Chim↑Pom is an artist collective founded in 2005 in Tokyo, Japan. The members are Ryuta Ushiro, Yasutaka Hayashi, Ellie, Masataka Okada, Motomu Inaoka, and Toshinori Mizuno. In 2015, they opened their artist-run space, Garter, in Tokyo to curate and showcase work by many of their contemporaries. They also initiated and co-organized an international exhibition Don’t Follow the Wind launched on March 11, 2015 inside the nuclear exclusion zone in Fukushima. Chim↑Pom has been the subject of many solo and group exhibitions, including the 20th Biennale of Sydney (2016); MoMA PS1 (2014 and 2011); Saatchi Gallery (2015); the 9th Shanghai Biennale (2012); and the 29th São Paulo Biennial (2010). The group received the Prudential Eye Awards in 2015 under the categories Best Emerging Artist Using Digital/Video and Best Emerging Artist of the Year, as well as the Re-Act: New Art Competition 2007 Award at the Hiroshima City Museum of Contemporary Art.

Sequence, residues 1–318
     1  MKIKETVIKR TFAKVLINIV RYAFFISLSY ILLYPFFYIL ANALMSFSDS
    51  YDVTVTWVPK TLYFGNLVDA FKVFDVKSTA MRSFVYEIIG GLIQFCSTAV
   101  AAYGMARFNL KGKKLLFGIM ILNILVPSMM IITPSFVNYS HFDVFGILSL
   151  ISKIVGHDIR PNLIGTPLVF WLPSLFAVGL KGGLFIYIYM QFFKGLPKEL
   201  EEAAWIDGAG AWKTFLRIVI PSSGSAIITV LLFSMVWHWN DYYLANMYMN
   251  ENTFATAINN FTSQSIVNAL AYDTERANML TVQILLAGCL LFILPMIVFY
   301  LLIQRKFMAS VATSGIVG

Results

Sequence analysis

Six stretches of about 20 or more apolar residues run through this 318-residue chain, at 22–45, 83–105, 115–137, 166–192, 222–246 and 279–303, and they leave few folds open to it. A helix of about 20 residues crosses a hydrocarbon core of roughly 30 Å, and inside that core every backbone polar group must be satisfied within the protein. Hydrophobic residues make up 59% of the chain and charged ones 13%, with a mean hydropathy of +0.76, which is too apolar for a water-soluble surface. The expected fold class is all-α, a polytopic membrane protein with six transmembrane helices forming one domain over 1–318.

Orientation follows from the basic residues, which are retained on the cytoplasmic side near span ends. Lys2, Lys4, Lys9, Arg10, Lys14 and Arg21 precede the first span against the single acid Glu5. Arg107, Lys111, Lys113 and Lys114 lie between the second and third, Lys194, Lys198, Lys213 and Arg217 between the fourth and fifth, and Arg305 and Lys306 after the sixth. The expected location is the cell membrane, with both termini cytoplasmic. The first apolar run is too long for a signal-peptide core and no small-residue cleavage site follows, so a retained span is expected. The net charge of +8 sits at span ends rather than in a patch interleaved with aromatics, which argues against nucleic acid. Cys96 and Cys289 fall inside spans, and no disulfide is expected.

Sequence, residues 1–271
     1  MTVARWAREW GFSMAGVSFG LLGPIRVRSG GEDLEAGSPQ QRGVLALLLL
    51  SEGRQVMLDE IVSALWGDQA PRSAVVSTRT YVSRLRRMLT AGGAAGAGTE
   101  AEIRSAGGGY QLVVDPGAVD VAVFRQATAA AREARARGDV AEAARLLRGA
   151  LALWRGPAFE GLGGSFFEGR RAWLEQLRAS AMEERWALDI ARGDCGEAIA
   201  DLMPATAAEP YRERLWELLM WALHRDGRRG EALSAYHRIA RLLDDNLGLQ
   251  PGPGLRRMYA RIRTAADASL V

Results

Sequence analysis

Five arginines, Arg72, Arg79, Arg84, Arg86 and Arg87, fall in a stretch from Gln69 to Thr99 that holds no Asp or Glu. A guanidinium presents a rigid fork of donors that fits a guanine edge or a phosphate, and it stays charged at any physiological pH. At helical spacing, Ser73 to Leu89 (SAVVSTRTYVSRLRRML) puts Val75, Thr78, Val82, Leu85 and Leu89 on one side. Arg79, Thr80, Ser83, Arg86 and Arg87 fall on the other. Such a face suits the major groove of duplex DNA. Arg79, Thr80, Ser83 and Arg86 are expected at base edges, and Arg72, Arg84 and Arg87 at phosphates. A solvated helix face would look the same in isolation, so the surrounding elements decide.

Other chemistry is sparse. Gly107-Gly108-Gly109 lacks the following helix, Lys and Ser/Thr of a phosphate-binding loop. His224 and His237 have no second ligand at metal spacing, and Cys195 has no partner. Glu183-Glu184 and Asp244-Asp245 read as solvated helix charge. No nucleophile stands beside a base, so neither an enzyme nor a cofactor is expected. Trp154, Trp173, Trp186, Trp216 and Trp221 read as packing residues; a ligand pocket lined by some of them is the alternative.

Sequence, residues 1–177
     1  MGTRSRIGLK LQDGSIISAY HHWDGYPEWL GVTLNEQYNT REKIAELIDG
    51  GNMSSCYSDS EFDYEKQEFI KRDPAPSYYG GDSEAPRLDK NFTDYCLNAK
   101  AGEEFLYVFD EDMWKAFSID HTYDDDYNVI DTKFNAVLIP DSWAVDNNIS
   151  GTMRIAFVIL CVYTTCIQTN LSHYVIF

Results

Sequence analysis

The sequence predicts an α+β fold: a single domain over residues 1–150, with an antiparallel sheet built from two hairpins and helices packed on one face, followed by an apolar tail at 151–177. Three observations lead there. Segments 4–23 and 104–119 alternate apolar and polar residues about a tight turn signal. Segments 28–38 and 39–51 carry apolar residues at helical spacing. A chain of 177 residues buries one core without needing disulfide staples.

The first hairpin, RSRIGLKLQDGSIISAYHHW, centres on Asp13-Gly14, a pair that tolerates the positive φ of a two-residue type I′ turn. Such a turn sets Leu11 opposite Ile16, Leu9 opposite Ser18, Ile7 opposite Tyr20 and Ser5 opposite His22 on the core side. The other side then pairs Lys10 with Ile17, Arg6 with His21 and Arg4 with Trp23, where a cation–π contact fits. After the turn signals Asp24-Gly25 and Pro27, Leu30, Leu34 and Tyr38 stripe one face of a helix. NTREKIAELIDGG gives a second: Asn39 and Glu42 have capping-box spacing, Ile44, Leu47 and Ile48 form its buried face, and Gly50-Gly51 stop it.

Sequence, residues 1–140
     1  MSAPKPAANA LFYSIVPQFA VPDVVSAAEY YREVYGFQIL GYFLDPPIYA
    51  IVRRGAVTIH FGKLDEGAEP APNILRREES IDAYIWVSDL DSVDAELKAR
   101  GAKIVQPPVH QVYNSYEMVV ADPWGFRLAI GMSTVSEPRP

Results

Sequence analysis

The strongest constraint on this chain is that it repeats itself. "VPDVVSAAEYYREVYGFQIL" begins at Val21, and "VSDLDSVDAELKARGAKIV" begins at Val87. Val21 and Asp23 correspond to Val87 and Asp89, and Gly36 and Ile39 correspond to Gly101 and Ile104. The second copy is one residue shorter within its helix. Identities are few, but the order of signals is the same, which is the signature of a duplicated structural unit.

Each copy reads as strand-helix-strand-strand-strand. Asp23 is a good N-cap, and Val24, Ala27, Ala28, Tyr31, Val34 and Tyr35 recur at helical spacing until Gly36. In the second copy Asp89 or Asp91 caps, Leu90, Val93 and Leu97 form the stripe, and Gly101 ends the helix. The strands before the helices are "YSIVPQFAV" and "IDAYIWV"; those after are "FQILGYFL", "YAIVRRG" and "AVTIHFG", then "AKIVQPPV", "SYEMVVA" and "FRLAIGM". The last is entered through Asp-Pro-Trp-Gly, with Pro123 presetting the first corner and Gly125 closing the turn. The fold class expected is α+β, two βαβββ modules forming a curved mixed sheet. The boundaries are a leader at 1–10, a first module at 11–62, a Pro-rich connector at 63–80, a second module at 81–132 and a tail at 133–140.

Curated by Lilia Kudelia, Assistant Curator and Hitomi Hasegawa, MIACA

 

Co-Organized by:

 

 

Major Sponsors:

NANCY C. + RICHARD R. ROGERS

 

Education Sponsor:

 

 

Supported by:

 

 

 

 

Tammy Cotton Hartnett

 

Media Sponsor:

 

 

Dallas Contemporary is supported by the City of Dallas Office of Cultural Affairs

McDermott & McGough Time Balls, 1921, 1988. Collection Bruno Bischofberger, Switzerland

McDERMOTT & McGOUGH

I've Seen the Future and I'm Not Going

29 SEPTEMBER - 17 DECEMBER 2017

Since 1980, the artists David McDermott and Peter McGough (b. 1952 and 1958) have collaborated on an unprecedented gesamtkunstwerk (living artwork), an all-encompassing entwinement of their lives and work that has variously explored issues of gay identity, societal repression, and performative time travel.